Iron Dog – Day 1 – Leaving it all on the Trail
Overcast, flat light, and snow gently falling from the sky met the racers as they lined up on the Iron Dog starting line amidst thumping bass, a growing crowd, and the smell of two stroke exhaust in the air. The Iron Dog restart is always a popular event, and even if you weren’t watching the racers, there is so much going on around the venue that ends up being quite the spectacle. Helicopters sounding their arrival or departure with humongous plumes of freshly fallen snow bursting into the air, Alaskan bush planes flying in formation, drones capturing crowd footage, powered parachutes looping and twisting overhead, and the start of an ice-oval race nearby with studded rubber catapulting another set of racers on dirt bikes and four wheelers around an ice track.
A bit of fresh snow on the first several miles of the trail are likely making those in the middle of the pack grateful for the front-runners as they will be packing down the trail toward Skwentna, which offers a new prize this year. First team to Skwentna gets a $5,000 payout. In years prior, Tyler Aklestad and Tyson Johnson made the 90 mile jaunt from Big Lake to Skwentna in 60 minutes flat. You know that teams have their eye on that cash as they leave the starting chute. The trail from Skwentna to Puntilla is bound to be ‘whooped out’ by now, meaning the trail looks similar to a motocross track with what is commonly referred to as the washboard section, but these are much deeper. They got 2 feet of snow in the last few days and the trail was not broken as of yesterday. The front teams are plowing through deep snow but leaving a whooped out trail in their wake.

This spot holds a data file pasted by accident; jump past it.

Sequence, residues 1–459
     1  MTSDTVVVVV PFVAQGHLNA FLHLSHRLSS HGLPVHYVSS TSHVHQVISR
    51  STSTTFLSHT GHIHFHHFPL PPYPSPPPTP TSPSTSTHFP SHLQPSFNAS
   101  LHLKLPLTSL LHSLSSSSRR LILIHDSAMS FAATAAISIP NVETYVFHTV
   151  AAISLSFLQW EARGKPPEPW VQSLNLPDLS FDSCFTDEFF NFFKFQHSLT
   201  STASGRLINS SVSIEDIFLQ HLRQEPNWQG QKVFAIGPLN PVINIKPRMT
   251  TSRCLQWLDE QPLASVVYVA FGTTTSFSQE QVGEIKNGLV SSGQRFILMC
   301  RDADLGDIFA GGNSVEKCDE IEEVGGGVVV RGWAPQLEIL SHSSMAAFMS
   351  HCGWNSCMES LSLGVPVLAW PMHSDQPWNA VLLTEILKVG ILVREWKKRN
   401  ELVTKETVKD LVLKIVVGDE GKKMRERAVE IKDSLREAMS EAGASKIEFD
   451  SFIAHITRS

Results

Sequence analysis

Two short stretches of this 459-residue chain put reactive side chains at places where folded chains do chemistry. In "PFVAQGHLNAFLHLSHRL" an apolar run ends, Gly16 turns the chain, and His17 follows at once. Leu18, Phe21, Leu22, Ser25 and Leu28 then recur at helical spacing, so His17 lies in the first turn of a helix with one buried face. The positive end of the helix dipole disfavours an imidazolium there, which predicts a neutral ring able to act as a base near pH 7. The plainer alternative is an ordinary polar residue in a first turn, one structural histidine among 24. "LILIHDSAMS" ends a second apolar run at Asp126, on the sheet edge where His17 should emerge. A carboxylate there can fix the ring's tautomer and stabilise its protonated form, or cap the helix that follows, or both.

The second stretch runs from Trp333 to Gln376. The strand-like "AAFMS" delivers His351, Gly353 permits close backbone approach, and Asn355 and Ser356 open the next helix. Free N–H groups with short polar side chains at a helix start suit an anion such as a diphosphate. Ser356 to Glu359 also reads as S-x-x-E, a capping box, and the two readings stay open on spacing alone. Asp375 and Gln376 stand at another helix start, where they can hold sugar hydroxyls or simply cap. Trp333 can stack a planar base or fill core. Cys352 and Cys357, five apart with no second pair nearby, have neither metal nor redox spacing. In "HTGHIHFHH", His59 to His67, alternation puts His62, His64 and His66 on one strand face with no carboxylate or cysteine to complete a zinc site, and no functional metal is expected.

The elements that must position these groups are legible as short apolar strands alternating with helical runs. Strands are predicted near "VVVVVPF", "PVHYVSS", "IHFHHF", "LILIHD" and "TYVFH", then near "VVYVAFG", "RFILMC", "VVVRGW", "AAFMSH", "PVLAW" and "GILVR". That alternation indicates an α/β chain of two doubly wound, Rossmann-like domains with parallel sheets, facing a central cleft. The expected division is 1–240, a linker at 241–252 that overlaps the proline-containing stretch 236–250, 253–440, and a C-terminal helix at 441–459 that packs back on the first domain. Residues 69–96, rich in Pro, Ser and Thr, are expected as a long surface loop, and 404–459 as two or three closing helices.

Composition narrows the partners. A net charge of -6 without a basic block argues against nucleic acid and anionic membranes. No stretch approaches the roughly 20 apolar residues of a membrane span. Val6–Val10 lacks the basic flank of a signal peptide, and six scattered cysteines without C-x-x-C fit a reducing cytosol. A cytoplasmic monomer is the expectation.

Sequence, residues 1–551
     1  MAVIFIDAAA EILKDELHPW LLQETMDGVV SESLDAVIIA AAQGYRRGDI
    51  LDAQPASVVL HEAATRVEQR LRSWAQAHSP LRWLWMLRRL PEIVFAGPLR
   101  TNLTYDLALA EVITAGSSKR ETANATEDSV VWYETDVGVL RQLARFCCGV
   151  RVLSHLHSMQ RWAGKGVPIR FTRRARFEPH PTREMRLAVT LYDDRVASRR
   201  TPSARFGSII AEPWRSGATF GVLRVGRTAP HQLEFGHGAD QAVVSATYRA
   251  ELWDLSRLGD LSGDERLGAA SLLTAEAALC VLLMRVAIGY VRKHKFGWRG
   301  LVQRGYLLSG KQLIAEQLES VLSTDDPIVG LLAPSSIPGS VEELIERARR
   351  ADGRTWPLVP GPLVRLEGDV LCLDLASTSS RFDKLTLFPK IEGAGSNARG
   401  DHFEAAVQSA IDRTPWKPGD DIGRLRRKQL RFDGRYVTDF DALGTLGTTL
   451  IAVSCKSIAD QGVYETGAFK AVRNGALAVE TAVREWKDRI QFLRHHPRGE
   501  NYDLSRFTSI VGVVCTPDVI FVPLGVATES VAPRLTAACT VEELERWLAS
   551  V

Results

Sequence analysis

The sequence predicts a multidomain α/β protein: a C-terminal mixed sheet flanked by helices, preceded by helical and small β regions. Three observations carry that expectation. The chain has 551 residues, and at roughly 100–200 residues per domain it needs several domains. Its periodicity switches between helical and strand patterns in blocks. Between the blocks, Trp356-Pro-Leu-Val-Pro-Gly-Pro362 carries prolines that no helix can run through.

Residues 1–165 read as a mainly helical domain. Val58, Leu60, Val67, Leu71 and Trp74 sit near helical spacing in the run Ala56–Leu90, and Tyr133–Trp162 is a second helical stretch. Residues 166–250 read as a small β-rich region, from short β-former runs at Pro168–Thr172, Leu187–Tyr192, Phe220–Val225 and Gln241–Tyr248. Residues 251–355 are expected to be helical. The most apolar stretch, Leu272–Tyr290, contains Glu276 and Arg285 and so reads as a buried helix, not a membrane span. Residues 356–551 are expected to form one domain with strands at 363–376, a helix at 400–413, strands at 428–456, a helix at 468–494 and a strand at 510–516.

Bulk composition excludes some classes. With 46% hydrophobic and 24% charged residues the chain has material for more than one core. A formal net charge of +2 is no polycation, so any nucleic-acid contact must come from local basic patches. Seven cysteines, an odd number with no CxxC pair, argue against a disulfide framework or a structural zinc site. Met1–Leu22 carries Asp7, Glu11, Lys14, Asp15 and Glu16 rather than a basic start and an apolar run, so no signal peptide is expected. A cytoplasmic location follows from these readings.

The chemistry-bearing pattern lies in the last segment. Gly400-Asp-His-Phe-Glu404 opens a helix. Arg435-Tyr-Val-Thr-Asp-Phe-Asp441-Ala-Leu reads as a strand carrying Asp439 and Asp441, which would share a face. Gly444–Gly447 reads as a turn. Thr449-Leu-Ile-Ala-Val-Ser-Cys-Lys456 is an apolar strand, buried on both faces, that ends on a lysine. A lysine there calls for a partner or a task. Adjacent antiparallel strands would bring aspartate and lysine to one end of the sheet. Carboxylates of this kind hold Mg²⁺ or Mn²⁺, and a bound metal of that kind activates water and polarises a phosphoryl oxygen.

The Iron Dog, like any other race, means racers have spent the better part of a year planning and preparing for this big day, and some of them don’t even make it off the lake before running into problems. Team 12 and Team 25 know exactly what this feels like. I was taking photos for a photo album on our Facebook page, when the wife of Kyle Conner (Team 30) approached me and asked if I knew what had happened to Team 12. They had apparently returned to the starting line, smoke reported to be billowing from one of their Arctic Cat sleds.
On the same thread, Team 25, the rookies Bogert and Burmeister ran into a severe track issue and ended up towing one of their SkiDoo’s back to the starting line. It is reported that they had a torsion spring pop out of the holder and rip the outer belt of the track off, causing them to have to remove the entire skid from one of the sleds and cut the track off. This rookie team has made the necessary repairs to keep going and we hope for some clean racing from them, if only for a mental boost after that punch in the gut early on.